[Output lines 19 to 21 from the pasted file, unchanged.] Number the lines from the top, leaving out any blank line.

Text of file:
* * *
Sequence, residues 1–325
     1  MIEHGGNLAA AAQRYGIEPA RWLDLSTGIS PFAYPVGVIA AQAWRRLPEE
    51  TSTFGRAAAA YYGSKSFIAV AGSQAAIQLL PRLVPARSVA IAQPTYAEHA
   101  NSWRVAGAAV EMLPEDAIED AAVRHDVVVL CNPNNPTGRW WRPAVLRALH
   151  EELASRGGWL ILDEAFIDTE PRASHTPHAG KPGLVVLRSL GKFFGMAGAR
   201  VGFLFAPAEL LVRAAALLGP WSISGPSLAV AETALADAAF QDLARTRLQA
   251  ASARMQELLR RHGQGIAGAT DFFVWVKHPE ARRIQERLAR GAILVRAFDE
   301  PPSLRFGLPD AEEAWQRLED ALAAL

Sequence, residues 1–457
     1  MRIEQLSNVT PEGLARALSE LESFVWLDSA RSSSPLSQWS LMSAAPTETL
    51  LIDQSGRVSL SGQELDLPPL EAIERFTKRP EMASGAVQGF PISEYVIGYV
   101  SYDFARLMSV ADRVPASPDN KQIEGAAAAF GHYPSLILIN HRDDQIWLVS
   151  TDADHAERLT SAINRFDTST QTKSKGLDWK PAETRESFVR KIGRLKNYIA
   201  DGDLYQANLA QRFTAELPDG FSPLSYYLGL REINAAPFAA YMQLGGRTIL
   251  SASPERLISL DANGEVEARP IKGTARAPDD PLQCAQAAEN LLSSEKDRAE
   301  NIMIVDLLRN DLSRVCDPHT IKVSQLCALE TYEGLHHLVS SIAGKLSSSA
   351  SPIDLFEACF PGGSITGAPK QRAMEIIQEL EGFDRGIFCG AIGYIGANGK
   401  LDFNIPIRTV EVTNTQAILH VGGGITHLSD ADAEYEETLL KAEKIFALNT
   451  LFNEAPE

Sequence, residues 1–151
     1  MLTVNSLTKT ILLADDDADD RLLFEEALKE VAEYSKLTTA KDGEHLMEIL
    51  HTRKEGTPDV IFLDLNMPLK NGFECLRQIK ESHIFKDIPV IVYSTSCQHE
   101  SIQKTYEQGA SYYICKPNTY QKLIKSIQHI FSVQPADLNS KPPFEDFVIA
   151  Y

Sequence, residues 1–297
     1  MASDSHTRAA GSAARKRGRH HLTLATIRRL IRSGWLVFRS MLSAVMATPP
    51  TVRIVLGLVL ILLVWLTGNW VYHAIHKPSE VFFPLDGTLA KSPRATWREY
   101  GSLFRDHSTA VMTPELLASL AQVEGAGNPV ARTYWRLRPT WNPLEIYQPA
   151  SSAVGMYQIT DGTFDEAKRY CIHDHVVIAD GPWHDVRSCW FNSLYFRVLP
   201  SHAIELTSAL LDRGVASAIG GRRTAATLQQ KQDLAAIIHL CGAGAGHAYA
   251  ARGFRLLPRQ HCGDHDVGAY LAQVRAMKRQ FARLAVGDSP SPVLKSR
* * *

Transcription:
   451  LFNEAPE

Sequence, residues 1–151
     1  MLTVNSLTKT ILLADDDADD RLLFEEALKE VAEYSKLTTA KDGEHLMEIL